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OK, first, what is “dynamic award pricing?”  That’s the term for tying the cost of an award ticket tightly to the cost of the equivalent revenue ticket – generally at around 1 cent per mile. So a $500 ticket would cost 50,000 miles.

Air France just signalled this is coming in one form or another in 2018. And then British Airways indicated yesterday as well that the Avios program is moving in the same direction next year.

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This is bad for us miles junkies for two reasons.

The first applies to everyone that uses miles, and that is that this move basically makes it pointless to earn miles from credit card spending.  You see, you generally earn miles (or points that transfer to miles) at around 1 to 1.5 miles per dollar (setting aside category bonuses for a minute here). If the best that you can redeem for is a penny per mile, wouldn’t you have been better off just earning 2% cash back? Probably.

The second is that many of us go out of our way to earn points for aspirational awards in First or Business class. These tickets cost many, many multiples of coach in most cases, but only 2-3x the cost in miles. This allows a sort of symbiosis where airlines that can’t sell those pricey tickets can remove miles from their accounting ledger and we get a great deal – sometimes even an experience of a lifetime in a private suite on board a plane.

When you move to revenue based awards, that $10,000 first class ticket is no longer, for example, 110,000 miles. It’s now 1,000,000 (ONE MILLION) miles.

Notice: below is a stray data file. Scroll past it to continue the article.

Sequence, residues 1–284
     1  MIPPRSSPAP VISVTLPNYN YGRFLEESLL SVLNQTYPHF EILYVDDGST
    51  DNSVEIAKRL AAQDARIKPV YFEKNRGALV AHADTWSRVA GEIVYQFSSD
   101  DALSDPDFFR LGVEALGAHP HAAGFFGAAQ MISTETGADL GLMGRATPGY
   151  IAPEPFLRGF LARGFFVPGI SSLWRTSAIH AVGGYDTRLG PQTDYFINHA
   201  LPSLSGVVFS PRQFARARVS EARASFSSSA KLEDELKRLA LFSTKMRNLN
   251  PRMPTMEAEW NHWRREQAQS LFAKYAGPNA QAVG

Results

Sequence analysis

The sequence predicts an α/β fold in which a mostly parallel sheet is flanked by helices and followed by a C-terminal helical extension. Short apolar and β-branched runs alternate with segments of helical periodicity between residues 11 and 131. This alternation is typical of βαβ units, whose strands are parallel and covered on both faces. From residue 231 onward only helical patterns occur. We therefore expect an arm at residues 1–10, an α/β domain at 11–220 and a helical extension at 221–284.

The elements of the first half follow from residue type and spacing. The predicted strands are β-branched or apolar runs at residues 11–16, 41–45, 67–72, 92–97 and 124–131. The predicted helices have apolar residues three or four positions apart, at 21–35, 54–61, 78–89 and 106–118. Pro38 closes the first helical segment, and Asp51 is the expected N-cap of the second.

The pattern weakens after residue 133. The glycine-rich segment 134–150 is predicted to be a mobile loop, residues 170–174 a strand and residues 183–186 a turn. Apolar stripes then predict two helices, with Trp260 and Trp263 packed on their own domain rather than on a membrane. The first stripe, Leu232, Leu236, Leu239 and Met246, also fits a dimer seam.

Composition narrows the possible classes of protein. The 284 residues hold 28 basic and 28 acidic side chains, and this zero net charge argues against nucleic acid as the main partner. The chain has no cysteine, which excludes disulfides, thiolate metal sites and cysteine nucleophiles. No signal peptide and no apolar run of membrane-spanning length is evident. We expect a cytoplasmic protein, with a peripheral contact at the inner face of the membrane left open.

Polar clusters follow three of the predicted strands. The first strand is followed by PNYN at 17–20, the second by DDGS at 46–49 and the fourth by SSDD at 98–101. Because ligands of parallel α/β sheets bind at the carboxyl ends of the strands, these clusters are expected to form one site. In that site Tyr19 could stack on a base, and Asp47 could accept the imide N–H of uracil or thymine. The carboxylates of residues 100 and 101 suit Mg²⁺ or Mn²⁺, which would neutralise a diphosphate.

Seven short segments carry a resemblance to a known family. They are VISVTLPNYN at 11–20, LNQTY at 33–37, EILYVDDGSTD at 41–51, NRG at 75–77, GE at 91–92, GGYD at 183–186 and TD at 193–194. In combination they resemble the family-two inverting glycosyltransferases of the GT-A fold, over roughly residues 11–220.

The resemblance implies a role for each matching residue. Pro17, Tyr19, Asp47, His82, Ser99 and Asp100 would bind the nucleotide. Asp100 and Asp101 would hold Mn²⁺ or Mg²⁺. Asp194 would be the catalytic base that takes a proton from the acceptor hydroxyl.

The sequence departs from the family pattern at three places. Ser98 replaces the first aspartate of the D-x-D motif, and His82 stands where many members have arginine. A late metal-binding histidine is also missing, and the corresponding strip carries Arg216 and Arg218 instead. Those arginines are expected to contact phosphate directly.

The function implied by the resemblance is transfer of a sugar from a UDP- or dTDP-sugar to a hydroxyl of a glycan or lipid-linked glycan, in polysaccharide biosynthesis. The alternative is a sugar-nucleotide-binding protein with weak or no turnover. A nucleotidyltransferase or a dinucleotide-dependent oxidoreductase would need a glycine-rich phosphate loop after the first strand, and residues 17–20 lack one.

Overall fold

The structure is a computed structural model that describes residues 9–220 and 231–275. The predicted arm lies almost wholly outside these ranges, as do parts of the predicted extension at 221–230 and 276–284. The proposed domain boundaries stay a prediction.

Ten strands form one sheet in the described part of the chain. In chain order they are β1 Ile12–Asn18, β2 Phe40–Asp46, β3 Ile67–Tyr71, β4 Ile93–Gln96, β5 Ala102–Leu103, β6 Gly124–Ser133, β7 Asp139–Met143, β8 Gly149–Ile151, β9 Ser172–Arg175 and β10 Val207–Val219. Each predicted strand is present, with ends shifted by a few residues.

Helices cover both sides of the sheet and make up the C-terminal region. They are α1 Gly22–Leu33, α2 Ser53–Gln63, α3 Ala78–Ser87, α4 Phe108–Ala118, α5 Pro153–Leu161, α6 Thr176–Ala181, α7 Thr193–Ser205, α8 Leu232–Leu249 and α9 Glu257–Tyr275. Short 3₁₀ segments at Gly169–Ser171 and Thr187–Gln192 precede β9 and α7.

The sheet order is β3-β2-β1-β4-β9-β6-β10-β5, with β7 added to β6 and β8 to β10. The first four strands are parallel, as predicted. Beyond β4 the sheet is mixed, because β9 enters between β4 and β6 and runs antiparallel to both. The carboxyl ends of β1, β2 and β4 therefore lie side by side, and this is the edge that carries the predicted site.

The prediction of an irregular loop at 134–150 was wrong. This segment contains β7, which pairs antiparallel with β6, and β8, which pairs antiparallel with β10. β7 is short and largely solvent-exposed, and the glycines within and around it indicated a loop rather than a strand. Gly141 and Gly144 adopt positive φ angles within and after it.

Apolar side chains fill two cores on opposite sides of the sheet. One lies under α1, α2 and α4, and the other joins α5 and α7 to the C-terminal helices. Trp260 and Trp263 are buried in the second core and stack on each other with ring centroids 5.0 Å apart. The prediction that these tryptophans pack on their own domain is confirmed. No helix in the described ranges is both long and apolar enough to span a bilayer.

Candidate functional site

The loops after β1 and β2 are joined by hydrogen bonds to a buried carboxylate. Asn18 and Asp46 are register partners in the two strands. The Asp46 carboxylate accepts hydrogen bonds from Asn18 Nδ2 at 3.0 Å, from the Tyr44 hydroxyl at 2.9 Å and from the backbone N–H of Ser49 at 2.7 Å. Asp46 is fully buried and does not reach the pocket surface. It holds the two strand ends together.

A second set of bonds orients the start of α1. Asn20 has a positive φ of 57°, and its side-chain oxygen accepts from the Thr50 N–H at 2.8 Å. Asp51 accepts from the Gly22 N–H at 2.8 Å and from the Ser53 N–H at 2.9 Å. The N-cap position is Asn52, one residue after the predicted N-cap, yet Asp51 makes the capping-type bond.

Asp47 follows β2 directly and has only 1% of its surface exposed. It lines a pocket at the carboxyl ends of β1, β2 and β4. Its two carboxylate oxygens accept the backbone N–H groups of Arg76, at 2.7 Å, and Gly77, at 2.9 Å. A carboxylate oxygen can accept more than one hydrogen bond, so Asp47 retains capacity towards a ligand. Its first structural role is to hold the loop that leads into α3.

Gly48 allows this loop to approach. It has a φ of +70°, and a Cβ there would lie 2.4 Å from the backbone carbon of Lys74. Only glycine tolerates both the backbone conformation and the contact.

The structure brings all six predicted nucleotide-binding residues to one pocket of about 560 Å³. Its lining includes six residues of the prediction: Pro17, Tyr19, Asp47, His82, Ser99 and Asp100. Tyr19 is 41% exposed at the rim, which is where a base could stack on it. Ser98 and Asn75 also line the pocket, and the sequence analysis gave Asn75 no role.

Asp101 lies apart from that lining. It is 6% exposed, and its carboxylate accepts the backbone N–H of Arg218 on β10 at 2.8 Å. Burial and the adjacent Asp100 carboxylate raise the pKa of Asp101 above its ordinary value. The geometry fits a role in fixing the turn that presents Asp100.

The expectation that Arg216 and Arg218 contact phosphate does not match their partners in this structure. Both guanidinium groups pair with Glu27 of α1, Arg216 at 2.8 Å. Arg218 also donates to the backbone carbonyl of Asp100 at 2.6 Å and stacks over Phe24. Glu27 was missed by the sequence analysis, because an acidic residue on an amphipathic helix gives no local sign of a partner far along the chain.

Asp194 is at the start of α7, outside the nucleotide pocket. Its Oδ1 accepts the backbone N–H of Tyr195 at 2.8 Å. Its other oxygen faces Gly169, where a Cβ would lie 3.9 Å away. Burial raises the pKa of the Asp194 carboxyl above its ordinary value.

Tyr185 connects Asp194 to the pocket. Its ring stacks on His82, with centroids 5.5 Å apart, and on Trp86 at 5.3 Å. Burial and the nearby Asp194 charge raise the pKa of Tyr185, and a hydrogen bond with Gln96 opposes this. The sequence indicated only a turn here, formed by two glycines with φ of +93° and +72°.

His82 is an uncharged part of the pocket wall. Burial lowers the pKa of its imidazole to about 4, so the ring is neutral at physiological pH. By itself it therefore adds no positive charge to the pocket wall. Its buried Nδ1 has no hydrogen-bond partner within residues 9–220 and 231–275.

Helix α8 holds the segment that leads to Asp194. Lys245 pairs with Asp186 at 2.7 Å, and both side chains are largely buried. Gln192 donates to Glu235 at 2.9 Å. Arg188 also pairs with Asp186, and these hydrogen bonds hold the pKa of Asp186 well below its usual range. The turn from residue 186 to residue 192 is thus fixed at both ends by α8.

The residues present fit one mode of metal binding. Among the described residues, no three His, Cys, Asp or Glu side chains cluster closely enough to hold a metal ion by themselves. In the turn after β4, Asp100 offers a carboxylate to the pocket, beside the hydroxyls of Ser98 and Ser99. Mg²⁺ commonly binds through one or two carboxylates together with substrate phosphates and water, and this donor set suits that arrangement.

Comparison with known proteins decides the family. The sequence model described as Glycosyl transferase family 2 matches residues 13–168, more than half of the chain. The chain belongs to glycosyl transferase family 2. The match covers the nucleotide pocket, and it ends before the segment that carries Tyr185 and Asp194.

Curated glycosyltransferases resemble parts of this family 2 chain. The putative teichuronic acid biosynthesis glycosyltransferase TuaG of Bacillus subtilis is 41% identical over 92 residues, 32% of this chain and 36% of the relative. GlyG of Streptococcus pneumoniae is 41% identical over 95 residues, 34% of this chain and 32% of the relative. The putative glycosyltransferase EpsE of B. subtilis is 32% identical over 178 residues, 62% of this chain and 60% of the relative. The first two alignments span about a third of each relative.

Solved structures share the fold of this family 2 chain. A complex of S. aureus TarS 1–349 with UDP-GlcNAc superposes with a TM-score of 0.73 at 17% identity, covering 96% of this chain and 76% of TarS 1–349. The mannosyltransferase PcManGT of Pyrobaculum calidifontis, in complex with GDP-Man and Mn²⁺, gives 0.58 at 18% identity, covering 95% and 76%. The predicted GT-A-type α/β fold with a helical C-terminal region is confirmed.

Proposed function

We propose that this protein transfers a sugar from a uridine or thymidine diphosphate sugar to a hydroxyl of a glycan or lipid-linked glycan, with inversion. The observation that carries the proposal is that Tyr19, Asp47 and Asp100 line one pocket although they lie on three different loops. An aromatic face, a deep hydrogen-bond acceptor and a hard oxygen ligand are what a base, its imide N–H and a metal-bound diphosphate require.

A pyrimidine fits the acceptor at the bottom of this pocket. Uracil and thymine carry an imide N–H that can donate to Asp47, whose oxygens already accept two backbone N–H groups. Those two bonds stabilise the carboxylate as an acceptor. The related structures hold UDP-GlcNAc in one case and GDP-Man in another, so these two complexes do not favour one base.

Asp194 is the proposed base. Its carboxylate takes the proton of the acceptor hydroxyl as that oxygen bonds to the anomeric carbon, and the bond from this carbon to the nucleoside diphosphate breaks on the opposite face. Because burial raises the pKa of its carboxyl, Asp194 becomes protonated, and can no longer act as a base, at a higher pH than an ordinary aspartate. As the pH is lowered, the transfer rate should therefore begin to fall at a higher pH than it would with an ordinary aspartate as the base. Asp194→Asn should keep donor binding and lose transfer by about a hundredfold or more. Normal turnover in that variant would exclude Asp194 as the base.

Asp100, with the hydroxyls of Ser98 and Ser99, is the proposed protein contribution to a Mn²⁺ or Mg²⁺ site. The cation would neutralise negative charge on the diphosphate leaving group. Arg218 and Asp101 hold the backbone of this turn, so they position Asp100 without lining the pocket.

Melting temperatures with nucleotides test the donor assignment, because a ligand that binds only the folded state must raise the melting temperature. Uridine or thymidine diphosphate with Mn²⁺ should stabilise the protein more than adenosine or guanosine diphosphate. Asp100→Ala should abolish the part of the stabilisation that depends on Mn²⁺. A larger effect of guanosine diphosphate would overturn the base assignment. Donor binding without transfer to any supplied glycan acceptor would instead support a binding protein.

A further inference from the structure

Does this make sense for the airlines? Well, it’s easy to see how the bean counters think so. If you redeem one million miles for that ticket instead of 110,000 miles, they reduce their liability by more than 9 times as much.


Pennywise and Pound Foolish

I’d argue, though, that they are going to wind up biting the hand that feeds them. For many years the airline’s frequent flyer programs have been more profitable than flying itself. They sell miles to the credit card issuers in unreal quantities to shore up their books.  I’m already strongly considering dropping my Delta Platinum Amex card this year because I frankly don’t want to accumulate Delta miles at 1% of my spend. And that is because Delta is the only major US carrier that has already been implementing dynamic award pricing. I’d rather store them elsewhere where I can get better value on my redemptions – or even earn points with a transferable currency like Citi, Chase, or American Express’ reward programs, so I can transfer them to any carrier where I can get a fantastic first or business class award.

Why should you care now?

Because it is a great time for me to repeat the mantra of “Earn and Burn.”  There is just no point in saving your miles for retirement because you may be only able to redeem those miles for a very small fraction of what you think you are saving them for.  It’s very real that the 100,000-mile award you covet will jump to a million miles under dynamic award pricing.

I don’t mean that you should just blow your whole balance in one shot, but don’t be shy about redeeming them. This may well be another era we look back at fondly – the era when you could really and truly use miles for amazing first class tickets around the world.

Do these moves give you pause on how you earn and burn? Let me know here, on Twitter, or in the private MilesTalk Facebook group.


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I got "in the game" in 2003 and since then I've collected literally millions and millions of frequent flyer miles and hotel points. I've flown around the world in first class seats that would cost $29,000 using frequent flyer miles and a few bucks in tax. And I've stayed in some of the finest hotels - all for free! A few years ago I realized many of my friends actually thought I was paying for these!! So I started sharing my tips. It's long been a passion, but when I hosted a session on Miles and Points at this year's South by Southwest festival, my love of the game intensified and this blog was born.


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